OHS Canada Magazine

Provinces to relax COVID-19 restrictions, say risk assessment lies with citizens

Alberta lifts mask mandates for school children, effective Feb. 14


By Jacob Serebrin

Alberta, Saskatchewan and Quebec announced Tuesday plans to lift COVID-19 restrictions, saying it will increasingly be up to citizens to assess the risks they face from the virus.

Prince Edward Island also outlined plans to end most measures early in April, with Premier Dennis King cautioning that the loosening is not a declaration of victory. “COVID is still with us, and it will be with us,” he said.

Alberta was to get started right away. Starting at midnight Tuesday, the province said it would end its COVID-19 vaccine passport program for non-essential businesses and events.

Starting Monday, it will lift its mask mandate for children 12 and under and for all students in schools. All other restrictions, including indoor masking rules and gathering limits, are to be removed on March 1.

Premier Jason Kenney said people need to learn to live with COVID-19.

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“We cannot remain at a heightened state of emergency forever. We have to begin to heal,” he said.

Saskatchewan Premier Scott Moe said that province will no longer require COVID-19 vaccine passports as of Monday and will not renew its indoor mask mandate when it expires at the end of March.

Moe told reporters in Regina that the policy requiring people to show proof of vaccination or a recent negative COVID-19 test to dine at restaurants, go to bars or purchase liquor is divisive and has “run its course.”

He said the policy was warranted in the fall, when the province was facing the Delta variant of the novel coronavirus, but vaccines do not provide sufficient protection against Omicron transmission to justify it now.

“During that Delta wave, I do believe that the benefits of this policy most certainly did outweigh the costs,” Moe said. “But today, as we deal with a very different strain, the Omicron variant, the benefits of this policy no longer outweigh the costs.”

Moe said it will be up to people in the province to do their own “personal risk assessment” when deciding whether to attend events, or wear masks once the provincial mandate ends.

Dr. Saqib Shahab, Saskatchewan’s chief medical health officer, said hospitalizations in the province — which now only releases COVID-19 data once a week — are currently peaking or will peak soon.

In Quebec, which has seen some of the country’s strictest public health measures, Premier Francois Legault detailed a plan that would see most restrictions lifted by March 14.

Starting Saturday, there will no longer be any legal restrictions on private gatherings, and other measures will be removed gradually, including a reopening of bars on Feb. 28 and full houses allowed in the province’s largest hockey arenas as of March 14.

Legault echoed Moe in calling on people to use their judgment about what is safe.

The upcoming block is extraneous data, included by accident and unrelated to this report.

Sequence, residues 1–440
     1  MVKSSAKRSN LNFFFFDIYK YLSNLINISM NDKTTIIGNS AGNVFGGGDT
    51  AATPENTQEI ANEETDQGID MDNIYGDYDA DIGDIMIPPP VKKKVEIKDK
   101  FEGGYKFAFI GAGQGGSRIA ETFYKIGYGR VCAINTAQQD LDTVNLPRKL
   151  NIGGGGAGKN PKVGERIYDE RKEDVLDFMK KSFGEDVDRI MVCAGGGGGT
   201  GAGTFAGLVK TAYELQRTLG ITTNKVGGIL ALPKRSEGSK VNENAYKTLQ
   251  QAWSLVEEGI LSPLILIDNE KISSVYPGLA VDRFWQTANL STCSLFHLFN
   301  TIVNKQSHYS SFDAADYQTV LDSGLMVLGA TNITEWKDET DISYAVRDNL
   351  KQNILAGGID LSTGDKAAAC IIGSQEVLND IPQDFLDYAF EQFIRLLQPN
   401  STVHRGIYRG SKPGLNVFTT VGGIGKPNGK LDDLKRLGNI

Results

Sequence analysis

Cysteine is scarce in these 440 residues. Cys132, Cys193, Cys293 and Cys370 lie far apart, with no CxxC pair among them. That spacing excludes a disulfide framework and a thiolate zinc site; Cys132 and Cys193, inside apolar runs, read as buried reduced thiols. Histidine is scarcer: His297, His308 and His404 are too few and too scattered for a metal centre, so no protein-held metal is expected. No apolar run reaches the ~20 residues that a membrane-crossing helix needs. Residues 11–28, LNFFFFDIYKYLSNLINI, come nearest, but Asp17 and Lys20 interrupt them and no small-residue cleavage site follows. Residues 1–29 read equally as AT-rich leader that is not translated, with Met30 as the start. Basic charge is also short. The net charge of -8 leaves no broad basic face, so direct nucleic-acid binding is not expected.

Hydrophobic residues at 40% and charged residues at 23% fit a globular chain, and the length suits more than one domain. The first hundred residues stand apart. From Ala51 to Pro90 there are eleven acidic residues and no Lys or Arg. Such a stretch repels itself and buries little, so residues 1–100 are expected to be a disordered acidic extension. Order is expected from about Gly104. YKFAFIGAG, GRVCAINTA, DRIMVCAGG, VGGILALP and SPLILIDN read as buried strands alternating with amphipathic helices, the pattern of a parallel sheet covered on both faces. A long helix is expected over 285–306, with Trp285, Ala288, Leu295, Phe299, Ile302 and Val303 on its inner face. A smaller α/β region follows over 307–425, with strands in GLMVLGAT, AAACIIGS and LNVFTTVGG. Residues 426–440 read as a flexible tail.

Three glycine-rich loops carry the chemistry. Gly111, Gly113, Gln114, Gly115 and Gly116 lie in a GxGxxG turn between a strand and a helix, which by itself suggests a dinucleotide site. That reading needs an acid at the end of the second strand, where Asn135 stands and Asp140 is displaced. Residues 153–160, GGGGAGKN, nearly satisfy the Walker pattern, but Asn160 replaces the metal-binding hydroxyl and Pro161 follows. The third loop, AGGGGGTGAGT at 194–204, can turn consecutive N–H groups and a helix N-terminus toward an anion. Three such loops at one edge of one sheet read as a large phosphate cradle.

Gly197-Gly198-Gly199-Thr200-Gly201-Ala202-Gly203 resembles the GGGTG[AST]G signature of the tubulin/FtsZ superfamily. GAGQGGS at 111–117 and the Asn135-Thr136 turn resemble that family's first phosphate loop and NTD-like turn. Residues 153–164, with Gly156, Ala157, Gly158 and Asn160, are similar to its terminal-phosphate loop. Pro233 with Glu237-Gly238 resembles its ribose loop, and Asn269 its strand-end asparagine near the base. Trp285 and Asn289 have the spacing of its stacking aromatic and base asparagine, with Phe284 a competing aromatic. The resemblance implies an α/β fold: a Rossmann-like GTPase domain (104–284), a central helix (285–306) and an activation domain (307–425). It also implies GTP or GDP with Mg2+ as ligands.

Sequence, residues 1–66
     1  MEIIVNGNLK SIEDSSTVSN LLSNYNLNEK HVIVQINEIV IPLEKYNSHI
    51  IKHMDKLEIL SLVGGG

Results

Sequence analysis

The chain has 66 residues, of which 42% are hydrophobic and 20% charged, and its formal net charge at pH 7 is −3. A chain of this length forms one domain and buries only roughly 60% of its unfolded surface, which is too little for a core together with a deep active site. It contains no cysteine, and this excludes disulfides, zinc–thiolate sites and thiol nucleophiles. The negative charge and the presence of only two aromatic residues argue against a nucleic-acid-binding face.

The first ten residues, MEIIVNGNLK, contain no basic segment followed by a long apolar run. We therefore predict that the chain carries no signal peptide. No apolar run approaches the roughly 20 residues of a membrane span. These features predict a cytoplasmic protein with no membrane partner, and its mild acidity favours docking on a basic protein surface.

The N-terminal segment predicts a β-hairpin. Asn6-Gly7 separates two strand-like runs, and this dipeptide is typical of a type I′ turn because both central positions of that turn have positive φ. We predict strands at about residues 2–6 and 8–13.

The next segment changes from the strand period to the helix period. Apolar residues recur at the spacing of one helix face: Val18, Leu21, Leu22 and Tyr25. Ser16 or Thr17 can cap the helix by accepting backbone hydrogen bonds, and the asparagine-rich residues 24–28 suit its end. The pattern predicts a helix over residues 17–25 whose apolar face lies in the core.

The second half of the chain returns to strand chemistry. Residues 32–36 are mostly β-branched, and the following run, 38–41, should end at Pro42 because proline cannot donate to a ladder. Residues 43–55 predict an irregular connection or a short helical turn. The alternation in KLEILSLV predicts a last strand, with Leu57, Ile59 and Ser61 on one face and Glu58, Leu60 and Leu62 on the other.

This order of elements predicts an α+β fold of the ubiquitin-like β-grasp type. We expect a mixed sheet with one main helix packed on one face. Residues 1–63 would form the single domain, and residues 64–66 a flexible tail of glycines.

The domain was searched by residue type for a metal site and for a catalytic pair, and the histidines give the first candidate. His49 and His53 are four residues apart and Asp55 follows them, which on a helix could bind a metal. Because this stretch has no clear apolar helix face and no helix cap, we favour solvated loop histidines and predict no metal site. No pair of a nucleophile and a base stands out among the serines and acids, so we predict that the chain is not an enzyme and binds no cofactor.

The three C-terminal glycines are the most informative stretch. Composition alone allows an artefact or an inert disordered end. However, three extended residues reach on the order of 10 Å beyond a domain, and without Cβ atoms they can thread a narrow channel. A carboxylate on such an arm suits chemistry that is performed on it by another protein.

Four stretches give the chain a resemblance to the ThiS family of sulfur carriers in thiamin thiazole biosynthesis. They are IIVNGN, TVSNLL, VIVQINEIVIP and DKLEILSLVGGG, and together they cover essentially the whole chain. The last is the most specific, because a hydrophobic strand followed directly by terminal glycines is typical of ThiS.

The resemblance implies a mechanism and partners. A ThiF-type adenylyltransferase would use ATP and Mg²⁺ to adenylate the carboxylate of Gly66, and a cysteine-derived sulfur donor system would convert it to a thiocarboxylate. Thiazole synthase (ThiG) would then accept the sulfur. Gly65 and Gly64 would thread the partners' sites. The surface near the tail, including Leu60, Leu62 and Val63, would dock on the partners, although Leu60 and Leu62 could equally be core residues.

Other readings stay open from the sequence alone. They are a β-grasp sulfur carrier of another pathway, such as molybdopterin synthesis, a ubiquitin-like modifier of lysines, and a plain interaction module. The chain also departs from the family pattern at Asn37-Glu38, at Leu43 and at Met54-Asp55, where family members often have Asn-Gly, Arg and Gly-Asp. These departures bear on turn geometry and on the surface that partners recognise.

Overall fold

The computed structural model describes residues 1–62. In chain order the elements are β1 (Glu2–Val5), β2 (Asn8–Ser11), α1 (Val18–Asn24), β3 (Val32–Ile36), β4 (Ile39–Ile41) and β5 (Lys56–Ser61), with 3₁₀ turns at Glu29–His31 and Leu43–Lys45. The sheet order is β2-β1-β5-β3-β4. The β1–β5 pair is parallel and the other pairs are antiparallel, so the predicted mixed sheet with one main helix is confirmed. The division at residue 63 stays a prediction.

“We’ll have to learn how live with the virus,” he told a news conference in Quebec City. “What does that mean? It means that each person will have to evaluate their own risks. ‘I’m with how many people? How many have three doses? How many are over 60?”’

But Health Minister Christian Dube said the province’s vaccine passport system is staying, and interim public health director Dr. Luc Boileau said indoor mask-wearing will remain mandatory in public spaces until at least March 14.

In Prince Edward Island, the government will start to ease COVID-19 public health restrictions starting Feb. 17, as part of a three-step plan that will see an end to most restrictions around April 7, King said.

Saskatchewan’s Moe also called on the federal government to announce a plan to lift restrictions on federally regulated industries. Those comments came shortly after a Liberal member of Parliament said federal COVID-19 measures, such as vaccination mandates for travellers and civil servants, need to be re-evaluated and the public needs a clear road map for when restrictions will be fully lifted.

Joel Lightbound, MP for a Quebec City riding, told reporters in Ottawa that he thinks his own government’s policies are divisive and risk undermining public trust. Lightbound said governments shouldn’t “demonize” people who have legitimate concerns about COVID-19 policies.

“They’re worried that measures which ought to be exceptional and limited in time are being normalized, with no end in sight, like vaccine passports, mandates and requirements for travellers,” he said. “They’re worried because they feel it is becoming harder and harder to know where public health stops and where politics begins.”

Other provinces have said they are also looking at easing their COVID-19 measures. Manitoba, Ontario and B.C. have said they are prepared to loosen restrictions in the coming weeks.

British Columbia Premier John Horgan said Tuesday that health officials in the province want to be cautious when lifting restrictions and won’t be pressured by a small minority of people who are “honking horns.”

“We want to make sure that the sacrifices that businesses and workers and communities have made over the past two years are not just thrown away because of some noise on the legislative lawn or in the capital city of Canada,” Horgan said, referring to the truckers’ protests in Ottawa and other locations across the country.

This story was produced with the financial assistance of the Facebook and Canadian Press News Fellowship.